the administration of charities. Character. The qualities which con
stitute the individual. See 130 Charitable uses. Same as Charities. Am. St. Rep. (Ill.) 288.
Charitable uses act. An English Charge. A debit entry in an ac statute of 1861 favoring convey
count; an accusation; an encum ances for charitable uses. brance or lien; a court's instruc
Charity. A gift to a general public tion to a jury.
use. See 24 How. (U. S.) 465, 16 Charge and discharge. The com L. Ed. 701. plainant's delivery of his account
Charity child. One reared by a to the master in chancery and the
charity. defendant's filing of his defense thereto.
Charlatan. A cheat or impostor. Charge and specifications. The gen
Charles. Charles I, King of Eng. eral allegation, the defendant's
land 1625-1649. Charles II, King commission of a crime and the de
of England 1660–1685. tailed facts thereof.
Charnel. A charnel-house; a place Charge d'affaires. An inferior diplo
where dead bodies are thrown. mat of a foreign country.
Charta. A charter; a deed. Charge to enter heir. (Scotch) A Charta communis. An indenture. writ summoning an heir to take Charta cyrographata. A deed exepossession on the death of his an cuted in two parts.-Stimson. cestor.
Charta de Foresta. A charter calcuChargeable. Liable to a charge or lated to redress grievances and accusation,
encroachments of the crown in the CHARTA
execution of forest law. See 4 Charue. A plough. Bl. Comm. 423.
Chase. A game preserve other than Charta de non ente non valet. A
a park or a forest; the hunting of deed of a thing not in being is
game. void. Charta partita. A charter-party.
Chastise. To punish corporally. Chartae libertatum. The Magna
Chastity. Sexual righteousness. Charta and the Charta de Foresta. Chattel. An article of personal See 4 Bl. Comm. 423.
property. Chartarum super fidem, mortuis testi- Chattel interest. Any interest in bus, ad patriam de necessitudine,
land of less dignity than a freerecurrendum est. If the wit
hold. nesses are dead, the credibility of deeds must of necessity be re
Chattel mortgage. A mortgage of ferred to the country.
personal property. See 137 Am.
St. Rep. 472, note. Charte partie. (French) A charter
Chattel personal. Tangible perparty. Chartel. A challenge to single com
Chaud-medley. A killing in an afbat.
fray in the heat of passion. See Charter. An instrument or au
4 Bl. Comm. 184. thority from a sovereign power bestowing rights or privileges.
Chauntry. Same as Chantry. See 16 Wall. (U. S.) 244, 21 L. Ed. Cheat. Any deceitful practice, in 326.
cozening another by artful means. Charter of pardons. A charter See 4 Bl. Comm. 156; also escheat,
which see. granting a pardon. Charter of the Forest. See Charta
Check. See Bank check. See, also, de Foresta.
Ann. Cas. (Ky.) 1912A, 327. Charter rolls. Old records of char Check-book. A book of blank bank ters.
checks. Charterer. One who charters a ship; Checker. (Scotch) Exchequer. a freeholder.
Chef. (French) A head or chief. Charter-land. Land held by char. Chemin. (French) A road; a highter.
way. Charter-master. A coal mining con- Cheque. Same as check. tractor.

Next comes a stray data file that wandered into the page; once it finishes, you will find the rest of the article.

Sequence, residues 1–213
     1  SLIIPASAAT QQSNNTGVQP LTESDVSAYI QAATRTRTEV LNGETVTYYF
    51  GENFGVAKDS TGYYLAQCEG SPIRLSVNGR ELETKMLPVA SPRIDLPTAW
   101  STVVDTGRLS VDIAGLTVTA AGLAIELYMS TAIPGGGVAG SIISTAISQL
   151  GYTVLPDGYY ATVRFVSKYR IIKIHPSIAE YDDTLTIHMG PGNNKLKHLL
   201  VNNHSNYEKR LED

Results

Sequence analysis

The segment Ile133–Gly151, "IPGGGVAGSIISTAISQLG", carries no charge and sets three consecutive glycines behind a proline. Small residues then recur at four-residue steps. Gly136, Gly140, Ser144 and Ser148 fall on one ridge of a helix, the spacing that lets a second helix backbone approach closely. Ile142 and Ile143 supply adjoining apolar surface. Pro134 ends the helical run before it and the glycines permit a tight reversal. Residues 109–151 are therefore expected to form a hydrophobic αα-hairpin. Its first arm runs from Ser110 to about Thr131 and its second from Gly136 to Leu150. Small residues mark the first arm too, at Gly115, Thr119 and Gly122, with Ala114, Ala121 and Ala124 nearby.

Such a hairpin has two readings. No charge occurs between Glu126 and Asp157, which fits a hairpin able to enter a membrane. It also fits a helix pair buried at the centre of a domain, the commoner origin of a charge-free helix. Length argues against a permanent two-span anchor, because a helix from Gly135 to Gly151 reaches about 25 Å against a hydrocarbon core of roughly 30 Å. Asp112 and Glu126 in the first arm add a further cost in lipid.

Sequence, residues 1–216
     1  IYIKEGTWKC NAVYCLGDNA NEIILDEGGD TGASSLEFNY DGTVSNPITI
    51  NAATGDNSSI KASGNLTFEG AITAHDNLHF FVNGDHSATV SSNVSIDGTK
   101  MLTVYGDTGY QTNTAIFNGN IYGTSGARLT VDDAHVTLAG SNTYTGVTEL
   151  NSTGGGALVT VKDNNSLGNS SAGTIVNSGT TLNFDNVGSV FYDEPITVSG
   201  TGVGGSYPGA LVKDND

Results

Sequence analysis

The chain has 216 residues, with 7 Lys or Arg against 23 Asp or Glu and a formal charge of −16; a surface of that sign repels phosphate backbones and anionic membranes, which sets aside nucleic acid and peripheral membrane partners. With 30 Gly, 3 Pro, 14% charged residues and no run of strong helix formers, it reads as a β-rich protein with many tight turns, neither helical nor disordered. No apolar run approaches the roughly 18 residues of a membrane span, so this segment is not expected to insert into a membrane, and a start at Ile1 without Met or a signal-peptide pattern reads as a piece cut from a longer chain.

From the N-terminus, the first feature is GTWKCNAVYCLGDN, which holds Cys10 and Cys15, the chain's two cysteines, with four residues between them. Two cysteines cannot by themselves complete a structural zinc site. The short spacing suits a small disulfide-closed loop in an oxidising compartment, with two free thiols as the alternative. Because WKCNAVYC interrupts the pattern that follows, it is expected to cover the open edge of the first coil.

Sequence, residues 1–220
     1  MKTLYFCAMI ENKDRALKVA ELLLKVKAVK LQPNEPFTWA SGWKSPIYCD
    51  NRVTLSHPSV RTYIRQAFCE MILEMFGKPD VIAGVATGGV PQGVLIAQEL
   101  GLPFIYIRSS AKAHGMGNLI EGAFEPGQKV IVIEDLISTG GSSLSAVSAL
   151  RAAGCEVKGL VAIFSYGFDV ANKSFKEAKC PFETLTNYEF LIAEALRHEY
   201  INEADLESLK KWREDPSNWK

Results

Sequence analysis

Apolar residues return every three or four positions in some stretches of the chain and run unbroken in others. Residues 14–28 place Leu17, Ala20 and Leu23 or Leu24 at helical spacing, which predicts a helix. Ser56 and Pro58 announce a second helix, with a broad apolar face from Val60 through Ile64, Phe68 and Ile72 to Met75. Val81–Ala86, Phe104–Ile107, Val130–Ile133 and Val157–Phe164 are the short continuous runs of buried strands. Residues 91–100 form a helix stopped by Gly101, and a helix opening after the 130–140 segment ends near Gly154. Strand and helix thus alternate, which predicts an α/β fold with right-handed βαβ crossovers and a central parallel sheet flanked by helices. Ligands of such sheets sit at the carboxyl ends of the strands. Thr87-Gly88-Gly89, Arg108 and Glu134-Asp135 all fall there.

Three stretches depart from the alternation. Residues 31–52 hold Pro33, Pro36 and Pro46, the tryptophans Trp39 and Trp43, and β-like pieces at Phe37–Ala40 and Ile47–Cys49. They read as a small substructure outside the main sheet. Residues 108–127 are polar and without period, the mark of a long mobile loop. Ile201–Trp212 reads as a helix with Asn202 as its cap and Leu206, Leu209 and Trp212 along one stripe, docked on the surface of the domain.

Cherif. (French) A sheriff. Charter-party. A contract by which Chevage. Same as chiefage. a ship or part of it is let to a mer
Chevantia. A loan of money. chant, to convey goods on a de
Chevisance. An agreement; an un. termined voyage to one or more places. See 22 How. (U. S.) 330,
lawful contract. 16 L. Ed. 249.
Chicane. Trickery; fraud. Chartis reddendis. A writ to se Chief justice. The presiding justice cure the return of deeds.
of the court. Chartophlyax. A keeper of rec- Chief. A head; a principal.
ords or public instruments.-Spel- Chief baron. The chief justice of man.
Chief justiciar. In Norman times,
the next lower in rank to the king; afterward chief justice of
the king's bench. Chief lord. The highest lord of the
fee in the feudal system. Chief pledge. The borsholder or
chief of the borough.—Spelman. Chief rents. Rent paid by a free
holder in full discharge of all ser
vice. Chiefage. An annual payment by
villeins to their lord; a poll tax. Chiefry. Rent paid to the lord para
mount. Childermas. Holy Innocents Day,
December 28th. Childnit. The customary fine paid
by a bastard's reputed father to
the lord.—Cowell. Chiltern hundreds. Certain hun.
dreds of which the crown may appoint a steward and thus enable a member of parliament to
resign as the appointee. Chimin. Same as Chemin. Chiminage. A toll paid on a forest
road. Chiminus. Private or other road
over which the king, his subjects and those under his protection might pass. Chimney-money. An old English
tax on chimneys. Chippingavel. A toll for buying
and selling. Chirgemote or chirchgemote. An
ecclesiastical court. Chirograph. An indenture; a deed
in two parts which must fit and
correspond. See 2 Bl. Comm. 296. Chirographer of fines. An officer in
the common pleas who engrossed
fines of land. Chirographum. A writing evidenc
ing a debt; a written obligation.
Chirographum apud debitorem reper
tum presumitur solutum. A written obligation found in the hands of the debtor is presumed to have been paid. Chirographum non extans presumi
tur solutum. A written obligation which does not exist is pre
sumed to have been paid. Chirurgeon. A surgeon. Chit. (China, Japan) A promissory
note. Chivalry. Knight service. Chivalry, court of. See Court of
chivalry. Chivalry. tenure by. Tenure by
knight's service. Choke-bail. Nonbailable. Choosing-stick. A divining-rod. Chop. (India, China) A clearance
permit, Chop-church. A priest who ex
changed his benefice for a bonus. Chorepiscopi. Bishops with limited
powers. Chose. A thing; a chattel; a per
sonal right. Chose in action. A right enforce
able by action; a right to sue.
See 76 U. S. 387, 19 L. Ed. 736. Chose in possession. A chattel in
one's possession. Chose local. A chattel which is in
a fixed location. Chose transitory. A movable chat
t el. Chosen freeholders. A board hav
ing charge of the affairs of the
county. Christian. A believer in the teach
ings of Christ. Christian name. One's baptismal
name. Christianitatis curia. Court Chris.